Yesterday some amazing friends threw a little surprise shindig at my house in celebration of my 40th which is now only two weeks away. My dear friend, Julie, served as a decoy, having offered me only one date for which she was available to celebrate. So I took it because my boyfriend had already claimed he had a work commitment he was obligated to attend. Despite my suspicions, no one wants to be fully certain there is a surprise party in the works because, well, what if there isn’t? Regardless, I was happy to catch up with my friend, explore a few shops I’d been curious about and extend our late afternoon romp with a manicure and eyebrow wax. Maybe it was the eyebrows that set me thinking. I wasn’t going to re-post today, but this one was on my mind.

I am grateful beyond words for the friendships that have been balm to my wounded soul. And you know what? It doesn’t hurt so bad anymore. God is good.

Riding In Cars

I was afraid to look around me, afraid of what I’d find. Gathering my bearings, I can hardly recall climbing out of the car, which was upside down on the opposite side of the road from an embankment. Had the driver veered that way, I shudder to think of what horrible fate may have met me or one of the four other passengers riding in the SUV. As it was, his jerking of the wheel to overcompensate for our car’s loss of traction in the deluge of rain had left us hydroplaning off the road and flipping onto our roof along a desolate road in rural Ethiopia. The windows busted out, and one person remained in the front seat, unsure of how to unbuckle himself from his upside-down position. His wife, clinging to a tree, was frantic, wondering why he had not gotten out.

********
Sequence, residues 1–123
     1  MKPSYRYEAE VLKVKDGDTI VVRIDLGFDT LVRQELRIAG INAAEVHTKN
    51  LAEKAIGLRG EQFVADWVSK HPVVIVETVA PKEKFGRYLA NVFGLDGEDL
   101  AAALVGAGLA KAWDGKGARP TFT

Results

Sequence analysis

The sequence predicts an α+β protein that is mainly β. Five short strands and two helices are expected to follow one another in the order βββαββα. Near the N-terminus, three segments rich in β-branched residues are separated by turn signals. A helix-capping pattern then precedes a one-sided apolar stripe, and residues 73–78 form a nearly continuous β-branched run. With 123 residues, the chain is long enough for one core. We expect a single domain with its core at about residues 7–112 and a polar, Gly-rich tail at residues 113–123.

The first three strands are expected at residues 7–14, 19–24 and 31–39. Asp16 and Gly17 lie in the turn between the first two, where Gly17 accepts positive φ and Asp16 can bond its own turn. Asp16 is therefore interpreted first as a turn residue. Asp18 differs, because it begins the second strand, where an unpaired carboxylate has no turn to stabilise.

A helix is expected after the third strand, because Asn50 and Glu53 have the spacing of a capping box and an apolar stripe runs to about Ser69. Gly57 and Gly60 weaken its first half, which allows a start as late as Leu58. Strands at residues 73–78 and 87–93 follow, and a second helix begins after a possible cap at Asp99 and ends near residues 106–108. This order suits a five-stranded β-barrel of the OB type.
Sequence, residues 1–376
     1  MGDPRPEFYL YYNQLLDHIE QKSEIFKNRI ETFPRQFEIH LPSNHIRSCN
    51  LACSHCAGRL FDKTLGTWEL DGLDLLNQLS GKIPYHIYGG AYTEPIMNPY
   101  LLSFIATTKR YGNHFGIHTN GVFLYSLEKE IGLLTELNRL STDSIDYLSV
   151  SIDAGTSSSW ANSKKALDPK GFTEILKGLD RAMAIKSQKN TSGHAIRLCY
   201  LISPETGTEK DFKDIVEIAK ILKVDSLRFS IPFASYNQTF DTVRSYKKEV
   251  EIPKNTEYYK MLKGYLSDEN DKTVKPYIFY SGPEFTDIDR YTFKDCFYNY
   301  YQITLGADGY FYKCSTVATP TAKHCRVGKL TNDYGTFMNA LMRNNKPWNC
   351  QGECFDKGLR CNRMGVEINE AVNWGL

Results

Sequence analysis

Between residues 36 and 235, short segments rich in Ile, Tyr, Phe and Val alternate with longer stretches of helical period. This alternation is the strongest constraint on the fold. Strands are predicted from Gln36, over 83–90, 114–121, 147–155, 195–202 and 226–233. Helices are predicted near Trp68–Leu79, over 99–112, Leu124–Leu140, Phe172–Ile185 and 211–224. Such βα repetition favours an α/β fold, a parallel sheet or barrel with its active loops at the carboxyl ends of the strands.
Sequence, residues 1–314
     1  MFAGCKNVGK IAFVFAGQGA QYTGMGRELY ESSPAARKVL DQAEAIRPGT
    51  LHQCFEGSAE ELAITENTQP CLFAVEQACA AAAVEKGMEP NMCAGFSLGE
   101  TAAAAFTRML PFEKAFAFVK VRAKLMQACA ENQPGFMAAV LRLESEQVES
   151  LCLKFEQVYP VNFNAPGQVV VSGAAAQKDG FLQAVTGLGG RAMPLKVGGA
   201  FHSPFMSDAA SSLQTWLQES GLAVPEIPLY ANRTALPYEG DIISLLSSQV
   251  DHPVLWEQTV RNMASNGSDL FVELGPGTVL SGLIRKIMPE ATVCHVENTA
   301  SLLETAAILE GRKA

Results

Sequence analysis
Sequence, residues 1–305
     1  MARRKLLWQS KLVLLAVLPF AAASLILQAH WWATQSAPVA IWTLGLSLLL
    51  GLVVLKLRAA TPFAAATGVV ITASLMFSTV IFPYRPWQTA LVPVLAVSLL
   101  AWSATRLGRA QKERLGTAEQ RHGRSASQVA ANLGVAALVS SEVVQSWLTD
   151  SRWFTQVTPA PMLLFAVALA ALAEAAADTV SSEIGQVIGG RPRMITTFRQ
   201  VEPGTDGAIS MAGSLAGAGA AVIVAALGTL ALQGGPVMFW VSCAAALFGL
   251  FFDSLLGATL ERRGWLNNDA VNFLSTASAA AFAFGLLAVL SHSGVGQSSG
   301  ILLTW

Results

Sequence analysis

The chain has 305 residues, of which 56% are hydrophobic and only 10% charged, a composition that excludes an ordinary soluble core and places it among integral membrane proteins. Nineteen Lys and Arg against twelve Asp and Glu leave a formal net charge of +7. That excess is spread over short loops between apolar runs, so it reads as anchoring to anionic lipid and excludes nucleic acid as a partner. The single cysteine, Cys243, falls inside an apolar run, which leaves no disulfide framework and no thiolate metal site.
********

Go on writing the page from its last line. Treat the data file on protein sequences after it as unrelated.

That night I shook uncontrollably, trying to get warm under the covers in a hotel we’d managed to arrive at after a group of Chinese engineers traveling on the same road gave us a ride. We needed to go to a hospital, but we were miles and at least a day’s ride away from reliable care. Other than a rug burn from landing on my knees on the ceiling of the vehicle for having not been wearing a seatbelt, there was no external evidence that I was hurt. Eventually, my back ache subsided, and I was seemingly recovered.

One evening, many months later, I rode in a van in Kenya to pick someone up at the airport. It was raining, and I wondered why I felt so nervous on the ride. Then I remembered the rain on that day when our car hydroplaned, fearing the same thing would happen again. After all, the variables were similar; it was raining, and I was not in control of the wheel nor the gas.

I read an article this morning that resonated with me and summed up the characteristics of how a “new normal” is found, following trauma. In ten, thoughtful points, the author highlighted several things to consider in light of finding one’s way through the unexpected blows that life may deal us, one being that we are forever changed. To that I would add that trauma is also permanently with us, sometimes buried deeply while at other times completely blind-siding us by the lingering effects of grief and loss or downright fear. What may seem like perfectly benign stimulus to one person propels another into all out panic because we now know, unlike before, what is possible. And we will never again take that for granted.

But does that mean I’ve stopped riding in cars? No. Perhaps to the chagrin of a few who’ve heard my plea to slow down in the rain or on a hairpin turn, I would occasionally interject my requests to whoever was chauffeuring me to the airport in Gambella, Ethiopia. Blazing up a dusty, gravel road at the mercy of a driver who had no idea, really, what the car was capable of, I couldn’t help but ask a driver to slow down in the months that followed our rainy day misadventure. That memory lingered in my mind even then, fueling anxieties that were often dormant until I was at the mercy of another driver in conditions that felt all too familiar to what had precipitated the accident I’d survived.